• Lighting: Bright and balanced, with minimal shadows.
  • Framing: Use a clean, uniform, and non distracting backdrop. The background should contrast with the subject so that the speaker stands out.
  • File size: Use compression and upload video to your preferable video hosting with privacy protection. For most of our premium member support we are offering hosting at our platform.
  • Mobile Friendly: Featured text is large enough to read on a smaller screen.
  • Engagement: Use direct eye contact. Record as though you were speaking with close friends.

Before you record all of your lectures, send us a test video and have a our team member review your video (and audio) recording settings to ensure you are set up for success.

Minimum Requirements:

  1. Videos must be shot in HD (720p minimum) with clear lighting, framing, and steady camera.
  2. Videos must also include high-quality audio.
  3. Exported slide presentations with audio narration will not be approved unless they meet the following requirements:
  • Videos cannot be composed of a single static slide with audio narration.
  • All slides must be relevant to the narration and not simply subtitles for the audio.

Video Export Settings

Be sure to export your video lectures using the optimal export settings we recommend below.

Optimal Export Settings For Videos Recorded in 720p HD​

  • Adjust video compression format to H.264 or MPEG-4 (with an AAC or MP3 audio codec)
  • Data Rate/Bit Rate: 3000 kbits/seconds
  • 16:9 Aspect Ratio
  • Dimensions: 1280×720

Frame rate depending on the lecture format:

  • Frame rate for screencast videos: 10 Frames Per Second (10 FPS)
  • Frame rate for talking head videos: 30 Frames Per Second (30 FPS)

Optimal Export Settings For Videos Recorded in 1080p HD​

  • Adjust video compression format to H.264 or MPEG-4 (with an AAC or MP3 audio codec)
  • Data Rate/Bit Rate: 3000- 5000 kbits/seconds16:9 Aspect Ratio
  • Dimensions: 1920×1080

Frame rate depending on the lecture format:

  • Frame rate for screencast videos: 10 Frames Per Second (10 FPS)
  • Frame rate for talking head videos: 30 Frames Per Second (30 FPS)

Filming: Start

Now it’s time to film and finalize your course!

Filming good video takes trial and error. You’re going to have to do this multiple times to get it right, set it up, test it out, and iterate.

Filming Equipments Recommendation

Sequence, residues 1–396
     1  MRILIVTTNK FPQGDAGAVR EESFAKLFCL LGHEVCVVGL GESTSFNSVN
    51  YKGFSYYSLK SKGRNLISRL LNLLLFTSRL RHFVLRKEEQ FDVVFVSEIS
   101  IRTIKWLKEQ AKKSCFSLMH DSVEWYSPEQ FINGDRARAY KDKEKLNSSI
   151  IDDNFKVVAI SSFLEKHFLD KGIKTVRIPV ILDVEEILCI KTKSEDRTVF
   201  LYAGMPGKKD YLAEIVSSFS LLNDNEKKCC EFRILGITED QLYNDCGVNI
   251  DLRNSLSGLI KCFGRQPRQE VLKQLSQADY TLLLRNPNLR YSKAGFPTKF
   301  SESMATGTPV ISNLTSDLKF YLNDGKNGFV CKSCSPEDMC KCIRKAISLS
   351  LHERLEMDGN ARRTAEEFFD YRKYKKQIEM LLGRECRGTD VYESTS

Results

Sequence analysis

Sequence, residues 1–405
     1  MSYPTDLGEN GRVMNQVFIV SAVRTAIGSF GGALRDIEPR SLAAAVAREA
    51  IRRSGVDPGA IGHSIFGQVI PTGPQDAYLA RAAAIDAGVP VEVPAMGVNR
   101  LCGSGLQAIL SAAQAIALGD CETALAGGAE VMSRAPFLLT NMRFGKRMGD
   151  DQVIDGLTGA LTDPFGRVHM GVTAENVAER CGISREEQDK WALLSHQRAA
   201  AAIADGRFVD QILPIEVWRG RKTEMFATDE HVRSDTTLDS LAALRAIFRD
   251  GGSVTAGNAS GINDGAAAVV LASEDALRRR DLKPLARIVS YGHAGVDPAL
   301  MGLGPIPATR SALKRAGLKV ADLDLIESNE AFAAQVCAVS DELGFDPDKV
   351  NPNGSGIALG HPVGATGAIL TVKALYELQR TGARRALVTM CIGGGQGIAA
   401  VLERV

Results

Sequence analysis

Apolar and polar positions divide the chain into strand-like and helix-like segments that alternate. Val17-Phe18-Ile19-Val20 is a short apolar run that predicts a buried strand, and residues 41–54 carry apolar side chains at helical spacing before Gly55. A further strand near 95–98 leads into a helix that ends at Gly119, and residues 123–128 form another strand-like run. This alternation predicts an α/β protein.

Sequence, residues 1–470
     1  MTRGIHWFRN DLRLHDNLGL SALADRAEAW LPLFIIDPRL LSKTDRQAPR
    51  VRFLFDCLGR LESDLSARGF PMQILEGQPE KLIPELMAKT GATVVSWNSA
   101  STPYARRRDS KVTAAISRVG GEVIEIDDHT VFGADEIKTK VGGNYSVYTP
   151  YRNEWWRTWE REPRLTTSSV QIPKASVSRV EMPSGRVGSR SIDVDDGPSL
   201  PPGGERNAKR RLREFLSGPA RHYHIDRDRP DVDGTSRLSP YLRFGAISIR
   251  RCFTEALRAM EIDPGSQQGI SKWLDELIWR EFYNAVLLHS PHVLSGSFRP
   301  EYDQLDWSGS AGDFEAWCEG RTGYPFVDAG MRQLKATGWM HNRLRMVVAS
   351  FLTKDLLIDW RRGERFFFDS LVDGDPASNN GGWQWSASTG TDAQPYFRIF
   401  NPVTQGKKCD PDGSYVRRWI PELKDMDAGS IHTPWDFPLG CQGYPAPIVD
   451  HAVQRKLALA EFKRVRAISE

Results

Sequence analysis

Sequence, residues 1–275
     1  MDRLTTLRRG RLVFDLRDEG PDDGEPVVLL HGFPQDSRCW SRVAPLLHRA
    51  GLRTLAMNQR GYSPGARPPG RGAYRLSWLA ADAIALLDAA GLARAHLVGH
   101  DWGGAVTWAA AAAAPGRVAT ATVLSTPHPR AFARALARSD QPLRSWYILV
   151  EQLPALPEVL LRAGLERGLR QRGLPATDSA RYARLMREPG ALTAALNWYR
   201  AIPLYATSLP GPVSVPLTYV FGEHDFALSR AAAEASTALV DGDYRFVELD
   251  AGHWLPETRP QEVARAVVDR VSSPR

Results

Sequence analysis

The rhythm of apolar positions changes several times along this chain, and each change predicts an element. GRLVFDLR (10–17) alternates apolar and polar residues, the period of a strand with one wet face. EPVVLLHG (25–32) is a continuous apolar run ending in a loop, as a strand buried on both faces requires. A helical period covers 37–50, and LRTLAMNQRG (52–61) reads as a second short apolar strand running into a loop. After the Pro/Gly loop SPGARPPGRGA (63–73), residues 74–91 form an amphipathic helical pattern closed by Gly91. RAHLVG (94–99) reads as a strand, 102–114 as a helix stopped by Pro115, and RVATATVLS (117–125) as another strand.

High-Quality Microphone: There are many types of microphones out there all good for different types of recording and different levels of quality. We recommend a hands-free mic. This will produce better sound and make your life easier.

Many instructors do both screencast and talking head videos. If you’re planning on doing this too, get a microphone that works well for both.

High-Quality Camera: If you’re filming talking head videos, you’ll need a decent camera. While some of instructors have trouble finding the right microphone, some of great courses were filmed only with an iPhone camera. Don’t hesitate to try what you have at home. Remember, your videos must be in 720p HD.

Talking Head & Screencast

Talking Head Equipment Needed: 

  1. A high-quality microphone
  2. A decent quality camera
  3. Good lighting equipment or great natural lighting

Talking Head Lighting: 

  • Make sure you’re well lit and clearly visible, without any shadows on your face or in the background.
  • Try out all the lamps and natural light you have at home first, and if you’re still getting bad results, we recommend getting a tree point lighting kit. They cost about $120.

Screencast Equipment Needed: 

  1. A high-quality microphone
  2. A screen-casting software

Screen-casting software:

  • Quicktime Player
  • Camstudio
  • Jing

Setting up your studio

Many instructors typically use home studios to film their courses.

Let’s get started!

Step 1: Pick a room and set up your equipment.

Step 2: Think of something to talk about for about one minute. This can be anything really, you can introduce yourself, tell a funny story about or practice one of your lectures.

Step 3: Record the video – when you start filming, make sure you’re getting feedback and looking at your own videos very critically.

Step 4: Export your video.

Step 5: Upload your video online and send us example.

The first thing you must do before adding content to your course is submitting a test video. We will provide feedback to ensure your video meets the quality standards needed. Alternatively, your can request our premium support to guide you and assist in full course creation.

Step 6: When you receive feedback from us, make improvements to your current setup. It can take a few tries to get it right.

Pro Tip: Don’t hesitate to send a new test video after you’ve tried out the tips we provided. We’re here to work with you through as many versions as it takes. Send additional videos if you’re using different video formats (talking head and screencast) or changing something in your equipment or environment.